Teams should stay informed on data protection regulations relevant to your industry. Here too, a managed IT solution can help with compliance on regulations such as GDPR, HIPAA, etc.
Data encryption and minimisation
Employ encryption for sensitive data both during storage and transmission. This makes it more difficult for unauthorised parties to access data even if a breach occurs. Only retain data that is necessary for business operations. The less data stored, the lower the risk of a breach exposing sensitive information.
Establish stringent access controls and user authentication policies. Use multi-factor authentication (MFA) to add an extra layer of security. Establish guidelines for secure mobile device use, including personal device policies, unified endpoint management (UEM), encryption, and remote wiping capabilities.
Employee security awareness training
More companies are realising that their people are the biggest cause of data breaches. Research body, Cybersecurity Ventures, forecasts that global spend on awareness training will exceed $5.56 billion in 2023. Yet, 45% of employees feel they don’t need to worry about cybersecurity because they don’t work in the IT department. Security awareness training should be designed with a focus on social engineering to help system users understand, identify and avoid cyber threats. By educating employees to recognise risky situations, they can make choices that avoid disastrous outcomes and significantly prevent or mitigate the harm a data breach can cause to the organisation.
Incident Response Plan
Develop a robust incident response plan outlining procedures to follow in case of a data breach. This plan should encompass communication strategies, containment, recovery, and notification procedures. Make sure you have a disaster recovery plan in place. Service providers such as DigitalWell offer back-up (BUaaS) and disaster recovery (DRaaS) solutions that can ensure minimum disruption to your business should the worst happen.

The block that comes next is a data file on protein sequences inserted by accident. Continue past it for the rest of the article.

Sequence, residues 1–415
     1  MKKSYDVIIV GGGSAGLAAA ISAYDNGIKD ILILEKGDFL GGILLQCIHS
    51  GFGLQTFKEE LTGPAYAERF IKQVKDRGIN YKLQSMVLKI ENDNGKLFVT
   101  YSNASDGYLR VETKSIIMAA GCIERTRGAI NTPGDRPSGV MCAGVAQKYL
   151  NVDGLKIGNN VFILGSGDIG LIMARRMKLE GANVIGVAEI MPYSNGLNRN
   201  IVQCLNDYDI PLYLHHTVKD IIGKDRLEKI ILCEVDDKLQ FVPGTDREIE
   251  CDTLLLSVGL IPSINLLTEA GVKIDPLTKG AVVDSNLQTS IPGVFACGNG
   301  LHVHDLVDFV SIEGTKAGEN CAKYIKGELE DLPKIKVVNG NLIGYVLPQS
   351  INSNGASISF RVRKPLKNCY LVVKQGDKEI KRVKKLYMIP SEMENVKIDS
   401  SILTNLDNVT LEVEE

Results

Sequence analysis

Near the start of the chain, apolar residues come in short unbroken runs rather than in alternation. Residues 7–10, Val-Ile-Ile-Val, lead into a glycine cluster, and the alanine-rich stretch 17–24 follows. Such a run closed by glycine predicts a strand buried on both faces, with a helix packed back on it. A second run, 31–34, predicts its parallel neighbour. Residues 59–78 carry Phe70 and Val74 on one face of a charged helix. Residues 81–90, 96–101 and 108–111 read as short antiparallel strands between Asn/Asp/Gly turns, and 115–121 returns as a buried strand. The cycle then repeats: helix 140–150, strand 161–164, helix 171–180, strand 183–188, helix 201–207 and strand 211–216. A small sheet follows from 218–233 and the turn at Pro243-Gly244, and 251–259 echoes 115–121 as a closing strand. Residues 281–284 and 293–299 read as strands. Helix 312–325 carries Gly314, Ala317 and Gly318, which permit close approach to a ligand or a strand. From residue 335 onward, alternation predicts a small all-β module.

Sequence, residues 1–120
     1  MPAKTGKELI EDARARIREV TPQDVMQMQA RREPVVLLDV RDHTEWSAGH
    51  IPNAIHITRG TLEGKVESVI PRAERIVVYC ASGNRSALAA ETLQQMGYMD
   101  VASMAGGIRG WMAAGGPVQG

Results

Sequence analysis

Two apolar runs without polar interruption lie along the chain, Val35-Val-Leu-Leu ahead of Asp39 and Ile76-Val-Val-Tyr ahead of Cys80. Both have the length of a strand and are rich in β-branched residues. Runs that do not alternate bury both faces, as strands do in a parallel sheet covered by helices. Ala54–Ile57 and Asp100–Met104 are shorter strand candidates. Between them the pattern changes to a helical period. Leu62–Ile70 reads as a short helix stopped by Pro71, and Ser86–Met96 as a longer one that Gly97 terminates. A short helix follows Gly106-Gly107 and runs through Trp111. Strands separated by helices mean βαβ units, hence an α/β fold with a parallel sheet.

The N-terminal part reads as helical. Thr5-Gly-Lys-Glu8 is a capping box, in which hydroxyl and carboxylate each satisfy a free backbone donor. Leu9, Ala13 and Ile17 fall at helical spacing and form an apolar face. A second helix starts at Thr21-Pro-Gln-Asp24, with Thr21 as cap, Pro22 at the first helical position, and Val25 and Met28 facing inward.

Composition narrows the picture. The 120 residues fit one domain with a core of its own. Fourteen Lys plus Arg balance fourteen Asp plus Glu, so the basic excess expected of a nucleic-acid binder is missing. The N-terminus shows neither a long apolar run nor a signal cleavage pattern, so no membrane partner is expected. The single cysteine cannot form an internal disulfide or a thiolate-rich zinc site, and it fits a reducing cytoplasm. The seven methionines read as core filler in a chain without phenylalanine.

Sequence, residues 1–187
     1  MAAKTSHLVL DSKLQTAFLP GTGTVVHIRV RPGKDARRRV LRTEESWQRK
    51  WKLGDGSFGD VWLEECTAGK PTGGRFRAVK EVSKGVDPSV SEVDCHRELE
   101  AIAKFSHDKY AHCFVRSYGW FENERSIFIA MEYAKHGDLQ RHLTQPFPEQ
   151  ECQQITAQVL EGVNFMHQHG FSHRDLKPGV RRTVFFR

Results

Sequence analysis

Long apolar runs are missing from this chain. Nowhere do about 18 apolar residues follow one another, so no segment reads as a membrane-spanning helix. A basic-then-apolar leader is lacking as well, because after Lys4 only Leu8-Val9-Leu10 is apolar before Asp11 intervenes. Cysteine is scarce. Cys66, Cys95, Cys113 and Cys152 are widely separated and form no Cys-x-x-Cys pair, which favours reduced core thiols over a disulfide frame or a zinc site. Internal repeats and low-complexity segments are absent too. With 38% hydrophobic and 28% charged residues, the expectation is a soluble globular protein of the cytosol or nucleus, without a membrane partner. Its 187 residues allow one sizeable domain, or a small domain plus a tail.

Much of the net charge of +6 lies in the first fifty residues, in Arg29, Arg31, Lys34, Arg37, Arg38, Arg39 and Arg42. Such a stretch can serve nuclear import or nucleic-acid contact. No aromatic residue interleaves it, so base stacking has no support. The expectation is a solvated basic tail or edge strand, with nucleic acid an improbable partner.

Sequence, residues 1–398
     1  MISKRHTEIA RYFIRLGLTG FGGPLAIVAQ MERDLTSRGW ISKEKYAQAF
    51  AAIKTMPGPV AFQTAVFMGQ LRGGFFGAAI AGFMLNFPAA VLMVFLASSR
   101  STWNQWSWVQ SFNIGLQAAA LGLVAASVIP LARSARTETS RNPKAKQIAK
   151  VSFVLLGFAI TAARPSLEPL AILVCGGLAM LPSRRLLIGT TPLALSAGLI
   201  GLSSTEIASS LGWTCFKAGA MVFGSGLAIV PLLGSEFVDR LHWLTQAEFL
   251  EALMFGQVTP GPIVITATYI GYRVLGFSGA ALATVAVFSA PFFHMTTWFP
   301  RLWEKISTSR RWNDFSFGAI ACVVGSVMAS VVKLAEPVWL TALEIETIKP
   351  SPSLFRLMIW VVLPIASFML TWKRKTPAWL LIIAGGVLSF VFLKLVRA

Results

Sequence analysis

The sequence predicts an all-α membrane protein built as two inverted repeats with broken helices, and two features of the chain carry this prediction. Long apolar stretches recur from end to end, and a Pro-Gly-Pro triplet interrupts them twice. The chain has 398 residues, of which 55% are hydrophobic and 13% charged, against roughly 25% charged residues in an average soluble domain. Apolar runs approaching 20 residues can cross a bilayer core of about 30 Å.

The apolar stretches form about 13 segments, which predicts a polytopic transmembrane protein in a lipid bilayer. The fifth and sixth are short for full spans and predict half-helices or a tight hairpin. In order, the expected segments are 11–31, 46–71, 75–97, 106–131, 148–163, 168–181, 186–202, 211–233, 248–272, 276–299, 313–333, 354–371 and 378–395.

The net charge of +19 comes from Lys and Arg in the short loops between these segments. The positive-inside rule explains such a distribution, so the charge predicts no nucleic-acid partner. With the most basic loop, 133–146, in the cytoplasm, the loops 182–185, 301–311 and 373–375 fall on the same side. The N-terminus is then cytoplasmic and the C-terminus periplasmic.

Foster a strong culture on cybersecurity
While no system can be entirely impervious to breaches, instilling a culture that is focussed on cybersecurity can reduce the risk of cyber threats. Use messaging that encourages active participation, which is relevant to both the company as a whole and the employee as an individual in their function. Companies should aim to develop engaging content and measure its effectiveness with a risk scoring system that assesses the impact of training and can provide insights for fine-tuning.
Most importantly, training must be consistent with regular updates, as the threats out there are dynamic and constantly changing.
Protect your business from a data breach
Much like the spine provides crucial support to the body, employees serve as the backbone of any business. As witnessed in the PSNI incident, human error often forms the core of most cybersecurity incidents. When employees lack the knowledge and readiness to identify and effectively address potential breaches, the entire organisation’s stability is compromised. Cyber resilience is a collective responsibility, and it hinges on supporting and empowering the backbone of the business – its employees. Alongside robust technical safeguards, it is imperative that every employee receives comprehensive, up-to-date security awareness training and feels enabled to play a pivotal role in safeguarding the organisation.